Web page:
Utah Polygamists Run Secretive, Multimillion-Dollar Conglomerate : Religion: Kingston family conglomerate also has businesses in six other states. It sells shoes, mines coal, operates pawn shops and runs health spas.


In many ways, the Davis County Cooperative Society is like any other $150-million conglomerate: It sells shoes, mines coal, operates pawn shops and runs health spas.

But the similarities end there.

This is a conglomerate that also is a church, the Latter-Day Church of Christ. It encourages polygamy. It is armed. And critics contend it maintains a cult-like control over the minds and money of more than 1,000 active members.

“We wanted so deeply to be a part of building ‘God’s work,’ ” wrote Rowenna Erickson, a polygamous wife excommunicated by the church last year, in a 1991 letter to the group’s leaders.


“We thought the co-op was the best place for us to fulfill our desires,” she wrote, but “I can’t imagine anyone, in the name of God, allowing the continued corruption and premeditated crimes against the people in the co-op, as has been and is continuing to be done.”

The group’s leaders would not respond to repeated requests for comment. It is led by a single family, the Kingstons; the patriarch, Charles Elden Kingston, founded it in 1935 as an economic and religious cooperative.

Mormon founder Joseph Smith first spoke in 1831 of a “United Order” of communal property “consecrated” to God, and said the law was the foundation of an ideal community. During the 1860s, Brigham Young re-emphasized economic cooperation and self-sufficiency and established about 150 cooperatives.

But Mormon historian D. Michael Quinn said the Kingston movement owes as much to the Great Depression as to religious ideals.

During those bleak years, unemployment in Utah had reached 60%, far higher than the national average, and the New Deal programs and Mormon Church welfare programs had not yet been established, he said.

According to Stacy Erickson, Rowenna’s daughter, Kingston claimed he had had revelations to move from Idaho to Utah and start the co-op.


The organization’s stated goal was to establish “the long-looked-for ideal condition known as the Golden Rule” and for members to sustain themselves through “united funds and efforts.”

Ever since, the group has been so secretive that “even other Mormon fundamentalists regard it as virtually impenetrable,” Quinn said.

Members bought properties and companies, called stewardships, and consecrated them to the organization, said Rowenna Erickson. The properties remained in the individuals’ names until about 1950, when Kingston’s son, John Ortell Kingston, came into power and put all property in his name or those of this wife or other Kingstons, she said.

“Everybody trusted each other because it was God’s work, and, hell, why would God do anything dishonest?” Rowenna Erickson said.

The co-op prospered, until its total value reached more than $150 million, according to several former members who spoke on condition of anonymity. They said they feared violent retribution from the Kingstons.

Under a maze of company names and corporations, the Kingston organization now has businesses in Utah, Nevada, Colorado, Arizona, New Mexico, Iowa and Idaho.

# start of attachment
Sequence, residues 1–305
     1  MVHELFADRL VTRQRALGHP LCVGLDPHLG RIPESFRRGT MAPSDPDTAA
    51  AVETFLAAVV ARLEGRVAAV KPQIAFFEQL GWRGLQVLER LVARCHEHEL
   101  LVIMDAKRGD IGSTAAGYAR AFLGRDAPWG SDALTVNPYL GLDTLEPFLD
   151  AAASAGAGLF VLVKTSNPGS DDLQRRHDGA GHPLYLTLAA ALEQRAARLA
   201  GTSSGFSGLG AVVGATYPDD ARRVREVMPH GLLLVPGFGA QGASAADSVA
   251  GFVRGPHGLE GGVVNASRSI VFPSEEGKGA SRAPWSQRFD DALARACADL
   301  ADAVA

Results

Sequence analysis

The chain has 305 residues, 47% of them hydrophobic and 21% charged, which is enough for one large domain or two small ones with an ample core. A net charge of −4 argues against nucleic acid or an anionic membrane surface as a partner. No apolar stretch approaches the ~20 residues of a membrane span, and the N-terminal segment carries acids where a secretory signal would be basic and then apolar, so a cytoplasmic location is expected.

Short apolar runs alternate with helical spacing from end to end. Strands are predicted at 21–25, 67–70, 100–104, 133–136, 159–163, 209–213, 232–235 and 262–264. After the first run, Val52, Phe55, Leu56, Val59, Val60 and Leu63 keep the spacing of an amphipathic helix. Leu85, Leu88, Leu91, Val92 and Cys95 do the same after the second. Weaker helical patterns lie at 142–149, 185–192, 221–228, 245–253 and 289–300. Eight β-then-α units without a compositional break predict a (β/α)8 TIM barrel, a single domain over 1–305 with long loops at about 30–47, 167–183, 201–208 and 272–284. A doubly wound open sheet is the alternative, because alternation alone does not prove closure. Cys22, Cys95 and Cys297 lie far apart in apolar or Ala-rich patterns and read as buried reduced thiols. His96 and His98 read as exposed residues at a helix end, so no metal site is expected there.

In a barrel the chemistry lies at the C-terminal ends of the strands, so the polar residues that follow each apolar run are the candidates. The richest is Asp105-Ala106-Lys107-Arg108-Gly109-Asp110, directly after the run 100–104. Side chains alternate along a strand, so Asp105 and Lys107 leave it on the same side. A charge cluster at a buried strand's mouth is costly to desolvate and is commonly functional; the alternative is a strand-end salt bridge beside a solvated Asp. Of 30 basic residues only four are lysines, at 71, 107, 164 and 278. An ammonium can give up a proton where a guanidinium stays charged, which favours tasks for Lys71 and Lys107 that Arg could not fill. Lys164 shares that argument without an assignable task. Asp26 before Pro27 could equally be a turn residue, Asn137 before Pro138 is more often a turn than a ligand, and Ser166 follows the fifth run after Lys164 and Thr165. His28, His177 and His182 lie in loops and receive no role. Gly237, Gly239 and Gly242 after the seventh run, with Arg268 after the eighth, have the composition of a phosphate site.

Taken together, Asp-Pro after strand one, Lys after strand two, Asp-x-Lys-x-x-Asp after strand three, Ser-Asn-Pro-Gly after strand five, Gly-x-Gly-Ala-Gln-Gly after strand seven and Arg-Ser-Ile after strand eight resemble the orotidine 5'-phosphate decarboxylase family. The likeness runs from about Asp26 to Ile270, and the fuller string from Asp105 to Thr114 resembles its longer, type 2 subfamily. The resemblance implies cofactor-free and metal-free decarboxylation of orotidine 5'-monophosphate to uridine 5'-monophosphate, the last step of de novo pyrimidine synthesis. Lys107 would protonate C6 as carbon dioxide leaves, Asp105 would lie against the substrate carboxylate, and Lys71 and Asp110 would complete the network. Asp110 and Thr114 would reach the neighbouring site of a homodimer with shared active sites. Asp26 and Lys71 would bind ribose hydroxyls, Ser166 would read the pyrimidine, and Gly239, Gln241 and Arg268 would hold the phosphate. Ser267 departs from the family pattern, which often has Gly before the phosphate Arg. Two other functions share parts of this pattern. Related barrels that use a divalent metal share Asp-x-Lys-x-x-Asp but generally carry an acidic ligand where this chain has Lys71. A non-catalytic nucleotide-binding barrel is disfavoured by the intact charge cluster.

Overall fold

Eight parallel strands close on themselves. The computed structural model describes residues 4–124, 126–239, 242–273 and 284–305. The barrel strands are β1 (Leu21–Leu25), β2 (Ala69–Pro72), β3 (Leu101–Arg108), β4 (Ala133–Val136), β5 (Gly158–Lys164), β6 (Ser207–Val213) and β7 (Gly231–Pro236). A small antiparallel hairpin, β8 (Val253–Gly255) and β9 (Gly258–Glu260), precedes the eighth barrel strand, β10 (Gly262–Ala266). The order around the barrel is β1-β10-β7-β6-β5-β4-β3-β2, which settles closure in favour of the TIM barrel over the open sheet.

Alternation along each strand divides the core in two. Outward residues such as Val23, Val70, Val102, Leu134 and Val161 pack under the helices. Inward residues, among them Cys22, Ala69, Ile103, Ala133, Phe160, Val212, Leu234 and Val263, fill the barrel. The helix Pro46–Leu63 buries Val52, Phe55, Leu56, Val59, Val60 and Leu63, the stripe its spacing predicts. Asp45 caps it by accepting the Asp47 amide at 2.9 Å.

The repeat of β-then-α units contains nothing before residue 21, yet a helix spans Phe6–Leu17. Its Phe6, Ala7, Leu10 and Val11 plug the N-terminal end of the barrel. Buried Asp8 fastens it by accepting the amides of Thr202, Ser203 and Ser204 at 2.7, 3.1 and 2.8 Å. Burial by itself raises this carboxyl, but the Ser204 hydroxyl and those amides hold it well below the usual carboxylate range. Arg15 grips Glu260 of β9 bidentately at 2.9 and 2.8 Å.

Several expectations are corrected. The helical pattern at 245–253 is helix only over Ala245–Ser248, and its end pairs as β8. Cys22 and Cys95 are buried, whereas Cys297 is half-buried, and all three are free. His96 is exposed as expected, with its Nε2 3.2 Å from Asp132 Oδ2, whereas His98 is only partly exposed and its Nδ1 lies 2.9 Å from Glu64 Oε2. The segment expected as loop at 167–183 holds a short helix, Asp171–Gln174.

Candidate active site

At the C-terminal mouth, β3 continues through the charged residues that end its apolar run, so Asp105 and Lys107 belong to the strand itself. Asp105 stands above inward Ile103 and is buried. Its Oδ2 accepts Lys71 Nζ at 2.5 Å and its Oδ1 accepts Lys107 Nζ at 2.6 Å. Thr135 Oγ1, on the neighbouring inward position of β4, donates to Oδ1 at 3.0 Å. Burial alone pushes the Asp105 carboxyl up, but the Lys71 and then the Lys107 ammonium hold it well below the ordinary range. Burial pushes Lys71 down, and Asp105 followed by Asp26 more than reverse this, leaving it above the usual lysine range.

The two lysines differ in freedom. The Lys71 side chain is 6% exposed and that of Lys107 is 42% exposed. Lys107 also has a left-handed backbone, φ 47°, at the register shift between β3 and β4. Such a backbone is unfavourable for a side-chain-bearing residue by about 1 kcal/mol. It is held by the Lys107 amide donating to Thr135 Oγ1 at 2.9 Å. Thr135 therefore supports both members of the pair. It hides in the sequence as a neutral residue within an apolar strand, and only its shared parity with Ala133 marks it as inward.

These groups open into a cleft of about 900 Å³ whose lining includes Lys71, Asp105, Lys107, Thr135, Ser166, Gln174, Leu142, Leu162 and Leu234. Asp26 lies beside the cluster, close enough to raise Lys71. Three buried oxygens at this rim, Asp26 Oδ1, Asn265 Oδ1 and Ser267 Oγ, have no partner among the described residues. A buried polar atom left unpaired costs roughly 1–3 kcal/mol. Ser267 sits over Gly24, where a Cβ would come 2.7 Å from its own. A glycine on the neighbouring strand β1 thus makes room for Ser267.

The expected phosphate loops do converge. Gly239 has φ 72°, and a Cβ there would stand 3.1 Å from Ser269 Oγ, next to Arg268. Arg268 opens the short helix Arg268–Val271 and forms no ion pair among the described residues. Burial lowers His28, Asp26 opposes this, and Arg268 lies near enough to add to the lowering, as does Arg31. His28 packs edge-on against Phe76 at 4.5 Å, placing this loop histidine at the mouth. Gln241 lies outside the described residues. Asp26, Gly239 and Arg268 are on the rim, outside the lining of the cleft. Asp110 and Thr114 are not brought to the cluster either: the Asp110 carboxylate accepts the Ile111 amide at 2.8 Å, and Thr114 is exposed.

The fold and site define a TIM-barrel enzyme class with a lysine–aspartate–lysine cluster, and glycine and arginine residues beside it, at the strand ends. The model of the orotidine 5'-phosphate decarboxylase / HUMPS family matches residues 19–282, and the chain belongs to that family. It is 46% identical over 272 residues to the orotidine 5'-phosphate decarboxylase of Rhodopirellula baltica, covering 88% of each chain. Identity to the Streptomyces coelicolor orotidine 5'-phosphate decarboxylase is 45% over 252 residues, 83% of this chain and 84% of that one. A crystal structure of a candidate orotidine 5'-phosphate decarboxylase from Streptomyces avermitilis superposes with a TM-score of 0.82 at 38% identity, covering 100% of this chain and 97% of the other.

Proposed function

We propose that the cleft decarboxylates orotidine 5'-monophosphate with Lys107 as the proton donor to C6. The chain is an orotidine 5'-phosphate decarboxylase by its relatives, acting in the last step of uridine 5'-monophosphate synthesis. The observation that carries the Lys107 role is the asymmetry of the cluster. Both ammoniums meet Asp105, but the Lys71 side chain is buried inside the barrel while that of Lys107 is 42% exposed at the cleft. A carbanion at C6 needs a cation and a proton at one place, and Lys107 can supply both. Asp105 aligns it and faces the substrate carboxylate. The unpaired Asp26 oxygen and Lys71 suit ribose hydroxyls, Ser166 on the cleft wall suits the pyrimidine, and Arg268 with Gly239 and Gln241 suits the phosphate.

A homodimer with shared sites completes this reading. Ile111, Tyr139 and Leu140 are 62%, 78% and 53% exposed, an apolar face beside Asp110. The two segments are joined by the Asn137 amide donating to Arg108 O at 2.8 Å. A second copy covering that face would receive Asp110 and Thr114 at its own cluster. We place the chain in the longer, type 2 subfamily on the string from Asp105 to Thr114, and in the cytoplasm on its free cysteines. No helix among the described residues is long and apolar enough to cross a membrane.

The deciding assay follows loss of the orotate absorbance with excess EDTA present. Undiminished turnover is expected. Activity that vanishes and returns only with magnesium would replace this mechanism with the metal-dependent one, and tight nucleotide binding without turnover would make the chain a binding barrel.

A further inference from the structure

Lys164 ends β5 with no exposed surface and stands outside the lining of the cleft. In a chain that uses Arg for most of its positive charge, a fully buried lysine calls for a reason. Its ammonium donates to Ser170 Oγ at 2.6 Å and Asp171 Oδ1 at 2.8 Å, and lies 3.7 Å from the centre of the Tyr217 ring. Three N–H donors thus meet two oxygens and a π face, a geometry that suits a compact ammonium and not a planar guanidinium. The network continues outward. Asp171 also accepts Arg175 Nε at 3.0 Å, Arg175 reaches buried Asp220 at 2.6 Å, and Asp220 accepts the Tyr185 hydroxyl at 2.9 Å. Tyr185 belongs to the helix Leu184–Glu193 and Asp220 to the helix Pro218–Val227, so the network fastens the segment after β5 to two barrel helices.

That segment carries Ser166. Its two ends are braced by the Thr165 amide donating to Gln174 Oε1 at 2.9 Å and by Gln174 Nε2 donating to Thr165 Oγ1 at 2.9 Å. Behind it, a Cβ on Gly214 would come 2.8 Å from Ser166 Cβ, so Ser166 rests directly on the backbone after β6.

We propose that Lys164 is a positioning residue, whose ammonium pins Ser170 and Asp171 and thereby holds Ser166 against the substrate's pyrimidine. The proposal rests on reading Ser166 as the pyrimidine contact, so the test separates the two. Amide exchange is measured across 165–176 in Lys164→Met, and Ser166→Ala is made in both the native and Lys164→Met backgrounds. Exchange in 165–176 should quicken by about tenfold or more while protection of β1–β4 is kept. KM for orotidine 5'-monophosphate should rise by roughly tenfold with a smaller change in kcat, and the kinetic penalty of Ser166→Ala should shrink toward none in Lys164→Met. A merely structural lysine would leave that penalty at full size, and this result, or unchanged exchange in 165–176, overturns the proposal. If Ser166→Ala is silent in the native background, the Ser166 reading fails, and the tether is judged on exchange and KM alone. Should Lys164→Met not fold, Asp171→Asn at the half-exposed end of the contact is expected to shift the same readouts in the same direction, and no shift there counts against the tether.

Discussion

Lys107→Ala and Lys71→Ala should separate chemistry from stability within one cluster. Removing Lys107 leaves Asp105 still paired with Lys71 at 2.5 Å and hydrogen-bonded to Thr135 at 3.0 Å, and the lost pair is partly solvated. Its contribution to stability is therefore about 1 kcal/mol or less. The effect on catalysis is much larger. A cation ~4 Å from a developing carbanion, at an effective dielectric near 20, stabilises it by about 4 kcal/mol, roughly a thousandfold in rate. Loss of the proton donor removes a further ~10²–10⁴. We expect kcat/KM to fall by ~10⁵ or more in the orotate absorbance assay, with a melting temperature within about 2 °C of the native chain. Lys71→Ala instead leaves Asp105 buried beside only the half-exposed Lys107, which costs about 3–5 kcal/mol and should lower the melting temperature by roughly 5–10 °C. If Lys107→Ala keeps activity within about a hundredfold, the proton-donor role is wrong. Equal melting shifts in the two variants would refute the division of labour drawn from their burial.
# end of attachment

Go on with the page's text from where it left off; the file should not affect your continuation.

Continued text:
In Salt Lake alone, the order operates World Enterprises, Mountain Coin Distributing, Best Distributing, Advance Vending, the Fountain of Youth spas, Factory Outlet stores, Standard Industries, Ensign Shoe, and Sportsman’s and Shoppers pawn shops, according to the Utah Department of Commerce.

For a time, it was the exclusive U.S. distributor of work gloves and clothing manufactured in the People’s Republic of China, Quinn said. It operates a coal mine in eastern Utah. Until recently, it owned a bank.

John Ortell Kingston died in 1987. His son Paul took over, and graduated from law school in 1990; he transformed the co-op legally into a church.

The group has amassed an arsenal, probably in response to the murderous polygamous clan founded by the late Ervil LeBaron, said Dick Forbes, an investigator for the Salt Lake County attorney. Former members said Paul Kingston is surrounded by armed guards, who also are posted at church services.

On the business side, members receive statements, not paychecks, that credit them with minimum-wage salaries, former members said. Not all who work for the businesses are members.

But members shop at Kingston stores and live in Kingston houses, with debts, rents and an obligatory 10% tithe deducted from monthly statements, they said.

Last year, three former members filed suit against church leaders, claiming they had been defrauded of nearly $70,000 owed them for their work.

Rowenna Erickson said members were urged to send any leftover credits to the co-op’s bank, where those who withdrew the most had their names posted for all to see--much to their embarrassment.

“They delight in sacrificing,” she said.

Both Ericksons and other former members said children are taught “memory gems” in church, such as, “True happiness is not doing what you want to do, but learning to like the things you ought to do.”

Members also are taught they have a “spiritual bank account,” and records are kept on that account. Economic sacrifice is a credit; so is practicing polygamy and having lots of children, Rowenna Erickson said.

Certain families, including the Kingstons, are considered to possess superior blood lines, former members said. Paul Kingston, they said, has 17 wives and nearly 50 children.

Those families have intermarried to the extent that half brothers and sisters are now marrying one another, as well as uncles and nieces, they said.

But polygamy, which was renounced by the Church of Jesus Christ of Latter-Day Saints in 1890, required great secrecy.

“Ortell would get up in church and say even if an angel of the Lord came to you and asked you if you lived polygamy, you are to tell him no,” Rowenna Erickson said.